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Archaeology has a great fascination for most people. It is thrilling to dig and see the spade unearth the secrets of the past. Biblical archaeology has fired the imagination of men and women throughout the ages, and they have flocked to the Holy Land to discover the sites where the heroes of the Bible lived their lives. Even in modern times the stream of pilgrims has not abated. Jews, Christians, and Moslems continue to visit the land of the Bible in ever growing numbers. This interest in the Bible is understandable as it is the bedrock of Western civilization. One of the surprises of modern archaeological discoveries has been that the peripheral lands of Mesopotamia, Egypt, Syria, and Anatolia have greatly added to Biblical knowledge. From each of these neighboring countries have come written documents and monuments of great importance for the understanding of the life, literature, and history of the peoples who once dwelt in Palestine. I shall endeavor to illustrate in this book how history, as treated in the Bible, has been greatly enlarged by the past century of archaeological investigation.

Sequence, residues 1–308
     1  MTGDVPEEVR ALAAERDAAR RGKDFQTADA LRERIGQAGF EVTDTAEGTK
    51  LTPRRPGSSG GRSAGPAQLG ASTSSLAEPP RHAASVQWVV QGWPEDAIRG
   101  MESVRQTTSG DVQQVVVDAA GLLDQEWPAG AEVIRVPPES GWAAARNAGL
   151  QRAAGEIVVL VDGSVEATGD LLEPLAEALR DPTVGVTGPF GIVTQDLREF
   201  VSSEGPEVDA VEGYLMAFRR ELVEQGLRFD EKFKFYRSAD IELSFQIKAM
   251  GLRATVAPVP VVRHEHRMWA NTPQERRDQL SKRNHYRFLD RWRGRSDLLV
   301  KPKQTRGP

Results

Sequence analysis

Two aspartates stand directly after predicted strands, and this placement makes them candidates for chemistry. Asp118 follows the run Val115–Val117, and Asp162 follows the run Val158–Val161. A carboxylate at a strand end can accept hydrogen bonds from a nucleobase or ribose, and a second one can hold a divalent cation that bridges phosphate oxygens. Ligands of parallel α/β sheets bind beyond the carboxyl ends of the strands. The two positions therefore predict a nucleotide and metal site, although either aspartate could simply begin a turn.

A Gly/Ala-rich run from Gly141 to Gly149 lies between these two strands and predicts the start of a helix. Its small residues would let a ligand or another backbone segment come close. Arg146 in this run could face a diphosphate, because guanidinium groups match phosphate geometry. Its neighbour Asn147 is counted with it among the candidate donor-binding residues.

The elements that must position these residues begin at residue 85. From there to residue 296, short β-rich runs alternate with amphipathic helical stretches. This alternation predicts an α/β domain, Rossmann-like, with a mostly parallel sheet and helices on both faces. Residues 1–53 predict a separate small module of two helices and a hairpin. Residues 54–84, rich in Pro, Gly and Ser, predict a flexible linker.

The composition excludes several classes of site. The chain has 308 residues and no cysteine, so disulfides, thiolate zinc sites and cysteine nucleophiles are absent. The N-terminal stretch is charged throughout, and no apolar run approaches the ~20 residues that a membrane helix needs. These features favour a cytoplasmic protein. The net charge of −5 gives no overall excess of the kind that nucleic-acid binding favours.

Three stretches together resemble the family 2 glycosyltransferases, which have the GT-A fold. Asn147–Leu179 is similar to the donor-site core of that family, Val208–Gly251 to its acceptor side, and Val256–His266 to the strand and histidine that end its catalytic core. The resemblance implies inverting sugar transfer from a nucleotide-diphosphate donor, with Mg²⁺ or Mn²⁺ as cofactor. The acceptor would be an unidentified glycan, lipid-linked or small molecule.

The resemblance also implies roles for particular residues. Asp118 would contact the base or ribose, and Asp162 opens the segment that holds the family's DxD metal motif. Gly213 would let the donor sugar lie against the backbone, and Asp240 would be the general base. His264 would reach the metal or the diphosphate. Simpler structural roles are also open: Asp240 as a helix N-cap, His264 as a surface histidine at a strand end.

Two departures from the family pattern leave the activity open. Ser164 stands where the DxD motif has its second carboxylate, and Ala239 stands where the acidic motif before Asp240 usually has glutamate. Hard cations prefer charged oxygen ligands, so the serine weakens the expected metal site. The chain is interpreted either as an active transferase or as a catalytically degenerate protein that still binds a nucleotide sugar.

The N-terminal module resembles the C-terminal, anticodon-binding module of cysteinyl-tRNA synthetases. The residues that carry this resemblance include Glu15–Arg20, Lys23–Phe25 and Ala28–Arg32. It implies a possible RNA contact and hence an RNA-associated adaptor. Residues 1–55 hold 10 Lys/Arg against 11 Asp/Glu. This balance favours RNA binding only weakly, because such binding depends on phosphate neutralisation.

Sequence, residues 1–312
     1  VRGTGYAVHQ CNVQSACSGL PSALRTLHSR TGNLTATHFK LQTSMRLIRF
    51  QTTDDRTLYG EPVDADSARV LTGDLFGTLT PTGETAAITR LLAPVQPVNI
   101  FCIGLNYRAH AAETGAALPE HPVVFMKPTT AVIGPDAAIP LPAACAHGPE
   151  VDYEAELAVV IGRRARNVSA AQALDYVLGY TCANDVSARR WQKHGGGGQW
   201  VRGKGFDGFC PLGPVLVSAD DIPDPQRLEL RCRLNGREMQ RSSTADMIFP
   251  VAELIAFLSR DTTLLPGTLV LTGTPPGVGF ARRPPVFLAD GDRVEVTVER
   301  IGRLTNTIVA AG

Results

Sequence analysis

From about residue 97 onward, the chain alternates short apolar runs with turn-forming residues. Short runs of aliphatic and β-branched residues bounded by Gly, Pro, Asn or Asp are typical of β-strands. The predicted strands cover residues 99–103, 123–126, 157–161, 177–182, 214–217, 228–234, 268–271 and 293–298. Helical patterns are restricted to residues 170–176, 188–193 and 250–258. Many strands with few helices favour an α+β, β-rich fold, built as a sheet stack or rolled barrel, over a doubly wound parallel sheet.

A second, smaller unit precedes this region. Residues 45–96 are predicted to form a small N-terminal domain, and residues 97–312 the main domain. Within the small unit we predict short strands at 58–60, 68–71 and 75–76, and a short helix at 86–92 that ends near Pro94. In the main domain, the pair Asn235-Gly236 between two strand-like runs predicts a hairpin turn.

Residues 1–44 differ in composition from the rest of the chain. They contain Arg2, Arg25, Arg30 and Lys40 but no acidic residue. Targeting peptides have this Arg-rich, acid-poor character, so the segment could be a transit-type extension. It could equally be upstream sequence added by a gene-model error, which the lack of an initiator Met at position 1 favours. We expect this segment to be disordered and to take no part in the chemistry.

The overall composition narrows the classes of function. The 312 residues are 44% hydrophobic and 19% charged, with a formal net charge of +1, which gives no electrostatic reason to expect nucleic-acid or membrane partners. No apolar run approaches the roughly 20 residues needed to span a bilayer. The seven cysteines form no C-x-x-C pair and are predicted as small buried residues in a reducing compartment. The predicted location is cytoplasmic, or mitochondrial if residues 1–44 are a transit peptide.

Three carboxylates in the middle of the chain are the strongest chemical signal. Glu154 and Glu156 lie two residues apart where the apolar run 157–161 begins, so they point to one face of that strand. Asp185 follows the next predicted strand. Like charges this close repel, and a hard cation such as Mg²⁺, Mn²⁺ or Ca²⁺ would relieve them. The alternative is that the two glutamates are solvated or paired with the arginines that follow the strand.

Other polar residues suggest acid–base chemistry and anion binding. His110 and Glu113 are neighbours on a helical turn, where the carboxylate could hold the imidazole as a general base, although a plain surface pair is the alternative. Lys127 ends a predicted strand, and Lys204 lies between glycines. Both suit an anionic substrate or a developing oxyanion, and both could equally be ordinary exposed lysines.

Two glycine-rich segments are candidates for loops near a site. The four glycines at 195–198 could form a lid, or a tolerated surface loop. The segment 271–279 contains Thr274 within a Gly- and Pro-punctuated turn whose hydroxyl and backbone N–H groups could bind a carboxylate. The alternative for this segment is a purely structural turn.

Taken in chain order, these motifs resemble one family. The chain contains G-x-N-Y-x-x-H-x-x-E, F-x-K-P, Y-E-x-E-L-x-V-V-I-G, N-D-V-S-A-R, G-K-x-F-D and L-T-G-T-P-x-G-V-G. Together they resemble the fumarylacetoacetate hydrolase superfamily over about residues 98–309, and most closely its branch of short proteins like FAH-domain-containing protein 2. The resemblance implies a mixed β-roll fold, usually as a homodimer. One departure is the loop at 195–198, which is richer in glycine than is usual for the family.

First, let us ask ourselves : what is the aim and what are the methods of archaeology in general, and Biblical archaeology in particular? The term archaeology is derived from the two Greek words archaios, meaning ancient, and logos, meaning knowledge. Archaeology is the study of past civilizations through their material remains. To begin with, archaeology is not an end in itself, not just an abstract study. It is the method of finding out about the past of the human race in all its material aspects and the study of the products of this past : the way people lived, the way they worshiped, the way they built, their art, their trade, their travels. All these aspects are of course also studied by historians. But it must be pointed out that historians are primarily concerned with written records, while archaeologists deal with the solid material remains of civilizations. It studies very closely the objects man used and made, his dwelling places and defense structures, his tools and weapons, the remains of his food, his own bones and burial places. From these he deduces how he lived. Archaeologist work like detectives and treat the artifacts they find as clues to the lives of the people who made and used them. Archaeologist may make exciting new discoveries such as Egyptian tombs filled with gold, as was the case with the Tutankhamon discovery by Carter in 1922. But a few grains of hardened corn from a buried cave in Palestine may reveal more about the life of men in that country than all the treasures of the pyramids.